Ironically enough, Sprint’s main competitors are going to make it easier to convince regulators that its acquisition of T-Mobile US should be approved. For the simple matter is that a major change in U.S. communications market structure is building.
Sprint Corp. plans to make a bid for T-Mobile US as soon as June or July 2014, Bloomberg reports. Many considered that a questionable possibility. But action by other contestants now makes possible an argument that the Sprint deal is only a smaller part of a wider consolidation.
And that will improve Sprint’s chances of winning approval. That isn’t to say it will be easy. But such a bid clearly will be situated differently now that other contestants are moving to consolidate market share as well.
AT&T has approached DirecTV about a purchase. And Comcast wants to buy Time Warner Cable.
If all those possible deals become actual offers, Dish Network is certain to move on its own to find a merger partner as well, as Dish needs to bulk up as its core video entertainment business slows and eventually shrinks, and also needs to find a partner to help it build its new mobile network.
With all of that happening, the Sprint deal to buy T-Mobile US looks less challenging, from a regulatory perspective.
Earlier, it had appeared that Sprint would argue that competition in the U.S. mobile market would be enhanced if Sprint could gain scale by acquiring T-Mobile US. Though Sprint will make that argument, it now has a wider argument, namely that the whole U.S. communications and triple-play market is consolidating in a major way, making its purchase of T-Mobile US less significant than it might otherwise have been.
AT&T, by acquiring DirecTV, would for the first time become a national retailer of video entertainment.
That would not directly help AT&T compete with cable TV companies in the high speed access business, but certainly would add key revenues that would support the investment in higher-speed Internet access capabilities, as AT&T has said it now will do.
Sprint likely will argue it will use the greater scale, after a T-Mobile US acquisition, to use much of its Clearwire spectrum--as orginally was Clearwire’s business model--to support fixed high speed access, adding another competitor to the fixed network high speed access business in many markets.
To be sure, regulators are likely to worry more about the impact of all the mergers on high speed access competition, not consolidation in the video entertainment services segment of the market.
So both AT&T and Sprint are likely to emphasize the ways their proposed mergers would do so.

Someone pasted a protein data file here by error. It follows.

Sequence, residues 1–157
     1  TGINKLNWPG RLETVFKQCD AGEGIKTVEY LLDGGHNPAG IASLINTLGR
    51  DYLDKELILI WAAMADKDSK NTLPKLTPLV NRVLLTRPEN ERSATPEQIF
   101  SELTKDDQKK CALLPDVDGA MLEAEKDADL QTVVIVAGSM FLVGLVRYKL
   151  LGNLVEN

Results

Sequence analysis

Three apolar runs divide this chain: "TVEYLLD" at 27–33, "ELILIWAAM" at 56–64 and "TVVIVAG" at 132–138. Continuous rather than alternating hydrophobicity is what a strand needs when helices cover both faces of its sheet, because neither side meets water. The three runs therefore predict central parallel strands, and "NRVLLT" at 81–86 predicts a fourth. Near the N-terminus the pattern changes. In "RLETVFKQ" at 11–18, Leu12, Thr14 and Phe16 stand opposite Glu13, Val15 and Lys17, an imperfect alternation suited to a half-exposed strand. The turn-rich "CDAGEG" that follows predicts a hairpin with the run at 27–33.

And more is coming.
With the possibility of a merger with DirecTV off the table, Dish Network would face much more pressure to link up with a firm that could help it build its mobile communications network and help Dish escape being a “satellite-only” communications provider.
Which specific partners might be involved is yet to be determined. But Dish almost has to make a move to keep up.
Verizon would be the only national service provider that was not involved in a major deal to gain scale, but Verizon has not be thought the best fit for Dish, and Verizon also would face more scrutiny on the spectrum front, as would AT&T, if it had decided to make an effort to acquire Dish Network.
Though many have argued both Dish and DirecTV eventually would be bought by one or more of the U.S. telcos, many had argued Dish would be more valuable for AT&T, because of Dish’s mobile spectrum holdings.
And though the most likely scenarios involve a Dish deal with another access provider, particularly a service provider with core interests in the mobile market, it is conceivable a non-traditional provider with lots of spare cash might decide it is time to make a bold move as well.
Dish has a fair amount of spectrum and no network. But Sprint has designed its own network to accommodate wholesale access by third parties with their own spectrum resources. So it always is possible a Dish asset buyer could turn to Sprint to launch a new network.
Sprint’s big gamble on T-Mobile US just might face fewer obstacles than once feared. With all the other activity, Sprint can argue the merger with T-Mobile takes place within an already consolidating industry.
And the potential turmoil might provide just the opening a new entrant could play to advantage. With the increasing consolidation, a new facilities-based contestant would be viewed as a counterweight to the heft the legacy players are acquiring.
Such market-transforming deals often occur in pairs or trios, the reason being that big deals often are easier to pursue when other big deals also are being considered by regulatory authorities.
Conversely, it often is considered more difficult to pursue follow-on mergers once a big deal has happened, for the simple reason that markets have become more concentrated.
In this case, other contestants would be right to view major moves as easier to accomplish now, rather than waiting for all the other deals to be reviewed and possibly completed.
So watch for more big deals to be attempted.